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Isolation and characterization of calmodulin-binding heat shock proteins and cDNAs encoding calmodulin-binding proteins in cultured tobacco cells
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|Title:||Isolation and characterization of calmodulin-binding heat shock proteins and cDNAs encoding calmodulin-binding proteins in cultured tobacco cells|
Heat shock proteins
|Abstract:||Calmodulin-binding heat shock proteins were characterized in cultured tobacco cells (Nicotinan tabacum L. cv Wisconsin-38). Analyses of 35S-labeled calmodulin-binding proteins (CaMBPs) purified by affinity chromatography and SDS-PAGE indicated that heat shock (38°C) enhanced/induced the synthesis of some CaMBPs while the synthesis of others was repressed during the heat shock response (HSR). The synthesis of CaMBPs with apparent molecular weights of 82, 78, 71, 68, 22, 20, 19.5 and 17 Kd was stimulated by heat shock. A procedure for the isolation of cDNA clones encoding CaMBPs was refined. Twenty five positive cDNA clones were isolated by screening a tobacco heat shock cDNA expression library with 35S-CaM as a ligand probe. These clones produced peptides exhibiting Ca2+-dependent, CaM-binding activity when assayed by gel overlay analysis. While most cloned mRNAs such as pTCB40 were unaffected by heat shock, two clones, pTCB60 and pTCB48 were heat shock-related. Analysis of Northern blot demonstrated that a 2.1 kb mRNA recognized by pTCB60 decreased by at least 70% in a 2 hour heat shock treatment. The expression of pTCB48 mRNA was induced by heat shock. This translationally active mRNA was detected after 15 minutes of heat shock and accumulated to maximum amounts after 1.5 hours. These results suggest that the ca2+/CaM second messenger system plays a role in tobacco heat shock response. The natures of CaM-binding domains were determined for pTCB48 and pTCB60. DNA sequences of these clones were determined and several deletion constructs from both the 5' and 3' ends of the inserts were constructed. The CaM-binding activities of the proteins generated from these deletion constructs were assayed by gel overlay analysis. These data combined with secondary structure analyses of deduced proteins localized the CaM-binding domains in the C-terminus of these proteins. The CaM-binding domain of TCB60 was a basic amphiphilic a-helix similar to that of several animal and human CaMBPs. No similar structure was found in the c-terminal region of TCB48 suggesting that an alternative structure is responsible for the CaM-binding.|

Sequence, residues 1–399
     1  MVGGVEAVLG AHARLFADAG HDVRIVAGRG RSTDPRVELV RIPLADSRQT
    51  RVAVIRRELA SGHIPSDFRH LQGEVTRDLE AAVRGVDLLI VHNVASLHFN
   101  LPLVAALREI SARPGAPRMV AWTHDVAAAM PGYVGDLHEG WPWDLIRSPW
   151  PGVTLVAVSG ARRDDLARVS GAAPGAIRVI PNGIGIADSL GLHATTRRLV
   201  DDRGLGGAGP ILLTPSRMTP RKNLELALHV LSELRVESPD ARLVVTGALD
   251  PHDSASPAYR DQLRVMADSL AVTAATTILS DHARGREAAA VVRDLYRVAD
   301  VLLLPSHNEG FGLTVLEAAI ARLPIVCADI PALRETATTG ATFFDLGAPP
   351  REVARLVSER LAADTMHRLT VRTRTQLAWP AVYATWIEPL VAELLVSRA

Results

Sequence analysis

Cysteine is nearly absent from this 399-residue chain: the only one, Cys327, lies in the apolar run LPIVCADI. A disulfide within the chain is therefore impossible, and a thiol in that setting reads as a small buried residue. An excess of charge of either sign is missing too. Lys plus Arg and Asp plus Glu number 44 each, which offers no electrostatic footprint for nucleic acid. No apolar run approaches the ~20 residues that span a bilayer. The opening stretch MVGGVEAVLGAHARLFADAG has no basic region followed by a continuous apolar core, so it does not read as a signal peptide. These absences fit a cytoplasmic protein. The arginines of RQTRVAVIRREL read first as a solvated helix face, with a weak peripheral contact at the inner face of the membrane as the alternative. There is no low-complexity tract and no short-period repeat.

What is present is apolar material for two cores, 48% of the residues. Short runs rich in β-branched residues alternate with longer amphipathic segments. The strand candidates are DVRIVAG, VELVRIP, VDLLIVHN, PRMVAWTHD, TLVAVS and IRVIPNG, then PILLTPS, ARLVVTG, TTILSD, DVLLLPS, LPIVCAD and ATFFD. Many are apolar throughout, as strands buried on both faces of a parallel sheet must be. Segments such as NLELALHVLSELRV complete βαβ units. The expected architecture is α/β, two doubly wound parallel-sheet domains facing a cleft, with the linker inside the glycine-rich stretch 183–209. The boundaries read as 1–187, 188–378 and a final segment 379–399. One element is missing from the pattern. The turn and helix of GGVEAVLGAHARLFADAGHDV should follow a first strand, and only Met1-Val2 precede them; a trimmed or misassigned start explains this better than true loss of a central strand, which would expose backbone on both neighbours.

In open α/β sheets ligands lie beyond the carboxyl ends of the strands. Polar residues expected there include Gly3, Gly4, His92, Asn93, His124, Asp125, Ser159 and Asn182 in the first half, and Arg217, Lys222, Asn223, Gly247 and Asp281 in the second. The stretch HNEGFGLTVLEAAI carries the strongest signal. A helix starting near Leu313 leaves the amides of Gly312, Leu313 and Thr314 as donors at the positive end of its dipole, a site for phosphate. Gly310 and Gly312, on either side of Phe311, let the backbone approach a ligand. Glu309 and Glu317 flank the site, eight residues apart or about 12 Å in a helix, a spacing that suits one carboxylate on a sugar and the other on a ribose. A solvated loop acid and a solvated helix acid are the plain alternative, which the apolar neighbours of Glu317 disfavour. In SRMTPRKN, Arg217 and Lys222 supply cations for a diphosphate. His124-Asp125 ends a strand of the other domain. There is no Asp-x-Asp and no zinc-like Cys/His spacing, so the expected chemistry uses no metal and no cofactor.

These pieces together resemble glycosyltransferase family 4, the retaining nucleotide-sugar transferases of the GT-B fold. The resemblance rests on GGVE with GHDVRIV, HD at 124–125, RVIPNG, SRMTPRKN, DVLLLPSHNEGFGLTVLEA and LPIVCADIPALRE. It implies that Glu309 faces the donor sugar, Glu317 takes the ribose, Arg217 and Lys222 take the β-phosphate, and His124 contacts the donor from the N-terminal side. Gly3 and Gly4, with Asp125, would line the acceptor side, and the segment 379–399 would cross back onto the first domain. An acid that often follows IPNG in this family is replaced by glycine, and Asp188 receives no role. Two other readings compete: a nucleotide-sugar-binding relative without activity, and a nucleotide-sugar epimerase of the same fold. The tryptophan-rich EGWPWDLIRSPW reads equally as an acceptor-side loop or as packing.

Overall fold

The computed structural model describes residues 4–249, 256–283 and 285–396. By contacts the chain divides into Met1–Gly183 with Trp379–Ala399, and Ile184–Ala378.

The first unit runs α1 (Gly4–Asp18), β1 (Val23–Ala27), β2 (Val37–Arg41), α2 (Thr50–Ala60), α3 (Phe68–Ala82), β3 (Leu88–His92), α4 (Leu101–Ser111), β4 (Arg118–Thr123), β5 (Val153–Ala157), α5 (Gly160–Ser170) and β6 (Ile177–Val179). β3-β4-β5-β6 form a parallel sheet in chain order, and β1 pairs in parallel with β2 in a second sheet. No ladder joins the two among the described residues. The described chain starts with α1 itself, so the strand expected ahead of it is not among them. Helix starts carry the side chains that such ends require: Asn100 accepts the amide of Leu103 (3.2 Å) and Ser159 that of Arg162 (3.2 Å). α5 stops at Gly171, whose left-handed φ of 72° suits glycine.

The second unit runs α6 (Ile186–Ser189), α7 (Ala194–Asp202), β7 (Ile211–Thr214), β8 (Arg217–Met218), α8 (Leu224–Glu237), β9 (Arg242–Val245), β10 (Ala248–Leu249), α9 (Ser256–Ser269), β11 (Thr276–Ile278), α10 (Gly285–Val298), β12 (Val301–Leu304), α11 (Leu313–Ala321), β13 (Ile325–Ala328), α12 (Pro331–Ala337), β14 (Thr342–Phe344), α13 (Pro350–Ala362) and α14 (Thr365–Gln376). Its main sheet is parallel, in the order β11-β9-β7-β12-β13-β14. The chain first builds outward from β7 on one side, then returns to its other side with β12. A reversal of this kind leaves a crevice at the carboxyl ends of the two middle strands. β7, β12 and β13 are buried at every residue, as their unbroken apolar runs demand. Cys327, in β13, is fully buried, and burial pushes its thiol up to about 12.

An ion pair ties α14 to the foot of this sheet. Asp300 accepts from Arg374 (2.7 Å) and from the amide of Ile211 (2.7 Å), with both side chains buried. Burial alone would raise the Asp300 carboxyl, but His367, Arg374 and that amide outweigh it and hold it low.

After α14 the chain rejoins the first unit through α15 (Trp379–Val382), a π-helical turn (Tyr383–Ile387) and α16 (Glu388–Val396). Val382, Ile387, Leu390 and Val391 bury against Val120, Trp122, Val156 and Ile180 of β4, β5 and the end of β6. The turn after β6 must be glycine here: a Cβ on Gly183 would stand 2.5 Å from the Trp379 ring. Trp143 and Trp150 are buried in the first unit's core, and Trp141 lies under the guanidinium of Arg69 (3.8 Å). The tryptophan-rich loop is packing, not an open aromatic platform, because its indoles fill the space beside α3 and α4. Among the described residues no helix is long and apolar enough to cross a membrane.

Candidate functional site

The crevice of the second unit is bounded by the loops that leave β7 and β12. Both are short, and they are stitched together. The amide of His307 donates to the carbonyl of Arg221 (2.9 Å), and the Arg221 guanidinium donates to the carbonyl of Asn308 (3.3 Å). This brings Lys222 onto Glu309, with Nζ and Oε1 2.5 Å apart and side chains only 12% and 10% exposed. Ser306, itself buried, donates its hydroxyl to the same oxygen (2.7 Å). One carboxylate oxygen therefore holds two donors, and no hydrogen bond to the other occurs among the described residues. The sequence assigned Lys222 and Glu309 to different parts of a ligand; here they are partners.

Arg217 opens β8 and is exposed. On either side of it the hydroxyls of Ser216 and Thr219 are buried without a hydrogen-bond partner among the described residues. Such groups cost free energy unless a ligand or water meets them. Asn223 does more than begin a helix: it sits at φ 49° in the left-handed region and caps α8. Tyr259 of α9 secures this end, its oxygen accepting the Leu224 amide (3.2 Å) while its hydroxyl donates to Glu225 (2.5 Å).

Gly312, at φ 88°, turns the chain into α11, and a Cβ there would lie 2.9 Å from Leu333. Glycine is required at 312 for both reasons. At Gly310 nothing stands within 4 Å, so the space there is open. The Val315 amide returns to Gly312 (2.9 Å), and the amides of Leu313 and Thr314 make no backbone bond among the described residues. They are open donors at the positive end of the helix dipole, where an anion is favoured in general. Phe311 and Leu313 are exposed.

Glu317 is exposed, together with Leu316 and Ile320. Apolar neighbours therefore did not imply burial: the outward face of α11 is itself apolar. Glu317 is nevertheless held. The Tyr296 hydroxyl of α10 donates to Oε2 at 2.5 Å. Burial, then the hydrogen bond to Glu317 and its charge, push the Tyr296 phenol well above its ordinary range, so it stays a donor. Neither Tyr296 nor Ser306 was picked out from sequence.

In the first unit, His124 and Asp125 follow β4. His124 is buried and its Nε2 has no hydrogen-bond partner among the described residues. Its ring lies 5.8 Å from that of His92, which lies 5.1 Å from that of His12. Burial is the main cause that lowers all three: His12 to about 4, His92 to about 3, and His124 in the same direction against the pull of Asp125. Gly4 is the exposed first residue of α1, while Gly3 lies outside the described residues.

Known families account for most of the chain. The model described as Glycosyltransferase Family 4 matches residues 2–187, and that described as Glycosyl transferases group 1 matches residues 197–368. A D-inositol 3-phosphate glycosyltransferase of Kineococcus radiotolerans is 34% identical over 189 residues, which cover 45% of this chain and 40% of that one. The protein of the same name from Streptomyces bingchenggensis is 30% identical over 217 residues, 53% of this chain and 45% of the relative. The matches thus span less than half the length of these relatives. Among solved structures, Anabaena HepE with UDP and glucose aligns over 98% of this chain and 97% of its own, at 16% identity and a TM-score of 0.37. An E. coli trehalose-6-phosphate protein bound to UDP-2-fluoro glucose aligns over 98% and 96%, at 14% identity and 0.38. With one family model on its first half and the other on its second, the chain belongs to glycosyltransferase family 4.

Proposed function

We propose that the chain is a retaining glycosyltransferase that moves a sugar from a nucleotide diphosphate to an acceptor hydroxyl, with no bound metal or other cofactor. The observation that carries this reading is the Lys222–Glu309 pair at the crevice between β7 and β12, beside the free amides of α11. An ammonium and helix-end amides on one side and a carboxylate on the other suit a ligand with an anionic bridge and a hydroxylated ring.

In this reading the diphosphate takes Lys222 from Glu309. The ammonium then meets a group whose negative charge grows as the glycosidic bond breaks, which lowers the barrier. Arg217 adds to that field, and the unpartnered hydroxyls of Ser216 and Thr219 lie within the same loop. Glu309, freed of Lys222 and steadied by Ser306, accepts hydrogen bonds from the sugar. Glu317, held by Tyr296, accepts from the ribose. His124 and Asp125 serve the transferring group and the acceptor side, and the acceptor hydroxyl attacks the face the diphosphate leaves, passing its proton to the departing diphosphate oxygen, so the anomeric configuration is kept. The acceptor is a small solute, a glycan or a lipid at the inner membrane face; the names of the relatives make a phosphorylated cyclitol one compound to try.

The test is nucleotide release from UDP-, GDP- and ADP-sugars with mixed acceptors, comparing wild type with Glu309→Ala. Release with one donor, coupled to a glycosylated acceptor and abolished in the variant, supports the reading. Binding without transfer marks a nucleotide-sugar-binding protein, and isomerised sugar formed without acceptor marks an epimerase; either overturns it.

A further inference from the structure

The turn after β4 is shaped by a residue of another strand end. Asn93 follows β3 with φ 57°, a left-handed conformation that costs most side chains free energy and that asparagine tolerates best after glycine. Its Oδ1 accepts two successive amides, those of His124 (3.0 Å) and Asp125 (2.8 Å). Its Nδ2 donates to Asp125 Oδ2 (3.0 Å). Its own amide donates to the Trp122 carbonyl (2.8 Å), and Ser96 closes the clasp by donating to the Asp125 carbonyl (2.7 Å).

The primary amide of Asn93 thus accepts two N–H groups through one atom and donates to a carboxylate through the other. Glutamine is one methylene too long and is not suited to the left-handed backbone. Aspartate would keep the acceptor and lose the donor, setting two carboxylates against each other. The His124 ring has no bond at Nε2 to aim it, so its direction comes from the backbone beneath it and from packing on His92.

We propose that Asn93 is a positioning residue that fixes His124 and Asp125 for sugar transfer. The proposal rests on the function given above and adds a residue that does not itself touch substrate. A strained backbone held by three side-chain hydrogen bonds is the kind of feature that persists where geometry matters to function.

Thesis (Ph. D.)--University of Hawaii at Manoa, 1991.
Includes bibliographical references (leaves 103-130)
x, 130 leaves, bound ill. 29 cm
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|Appears in Collections:||Ph.D. - Botanical Sciences (Plant Physiology)|
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